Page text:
College admissions scandal: Much ado about nothing?

Maybe so, but it shines a spotlight on other college problems.
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It was easy to get caught up in the recent college admissions fiasco.

It had all the ingredients of popular scandal: rich celebrity stars and industry titans, elite colleges, outrageous (and illegal) adult behavior, sports abuses, social injustice.  All constantly re-fueled by continuous cable news looping.

Today, let’s step back and put the bruhaha into perspective.

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Nicholas Lemann – of Columbia’s School of Journalism – cut to the chase in the New Yorker:

Busting the admissions cheaters is the right thing to do, in addition to being emotionally satisfying.

But it won’t change America’s colleges much for the better.

Let’s drill down on that…

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Lemann points out:

The scandal directly touches very few people.

The so-called “elite” colleges are few in number and capacity limited.

“The cultural obsession about getting into a selective college is wildly unrepresentative of the college experience of almost all Americans.”

“Taken together, all elite American colleges that accept fewer than 25% of their applicants — and that’s a far less stringent standard than the Ivy League’s current 7% average rate — educate only 5% of American undergraduates.”

Realistically, these school’s  aren’t in most family’s and student’s decision set.  They’re expensive, academically challenging and insanely competitive.

“Over the years, as the ratio of available slots in the very best colleges to the number of aspirants for them has become more and more insanely lopsided.”

That’s why “most American college students go to a school within 50 miles of their family’s home; 75% go to public colleges.”

Bottom line: Whether Lori Loughlin’s daughters get into an elite college has zero impact  on the overwhelmingly vast majority of student applicants.

Those who got a rejection letter from one of the elite schools — and argue that they were directly impacted — need a simple recalibration:

“There are far more students with perfect transcripts than there are places in the most selective colleges.”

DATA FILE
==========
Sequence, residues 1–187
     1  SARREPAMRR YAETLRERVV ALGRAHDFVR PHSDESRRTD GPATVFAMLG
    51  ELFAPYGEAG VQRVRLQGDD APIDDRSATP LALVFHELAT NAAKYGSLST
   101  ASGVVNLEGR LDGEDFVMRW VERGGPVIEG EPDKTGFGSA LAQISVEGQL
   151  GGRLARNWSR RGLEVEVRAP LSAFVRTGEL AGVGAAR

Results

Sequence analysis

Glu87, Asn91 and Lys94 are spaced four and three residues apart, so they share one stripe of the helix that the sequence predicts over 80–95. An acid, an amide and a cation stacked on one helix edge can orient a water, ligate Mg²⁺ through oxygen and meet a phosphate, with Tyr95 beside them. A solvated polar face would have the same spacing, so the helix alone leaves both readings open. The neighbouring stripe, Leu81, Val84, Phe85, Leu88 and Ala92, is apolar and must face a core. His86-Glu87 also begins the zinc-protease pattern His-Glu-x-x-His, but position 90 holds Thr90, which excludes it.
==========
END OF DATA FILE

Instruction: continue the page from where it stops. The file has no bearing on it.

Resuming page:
One of them probably bumped you, not Lori’s daughter.

Taken together, all the people directly impacted by the cheaters probably  wouldn’t fill a 747.

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Also, Lemann points out:

Anyone who focusses on élite schools, is looking in the wrong place. The right place to look is the great majority of colleges where getting in isn’t a problem.

At those schools, there are bigger problems to worry about, including…

1. Student loan  debt: Over $1.56 trillion in student loan debt, spread out among about 45 million borrowers. with 69% of college students now graduating with an average debt of $29,800.  Source

2. Graduation rate: Only about 60% of students at four-year colleges graduate within 6 years. Only 30% of community-college students, who are supposed to get their degrees in two years, graduate within 6. Source

3. Graduates’ readiness: For example, employers say that 9 of 10 college grads are poorly prepared when entering the workforce.

The latter point raises  the question of whether students are being taught (and learning) the “right stuff in college these days.

We’ll start digging into that topic next…

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One Response to “College admissions scandal: Much ado about nothing?”

  1. paul Says:

    My guess is people are primarily upset that there are wealthy people who are herring their children into these schools without either going there themselves or simply finding a cheaper way in than paying for a $10-$15 million dollar building.

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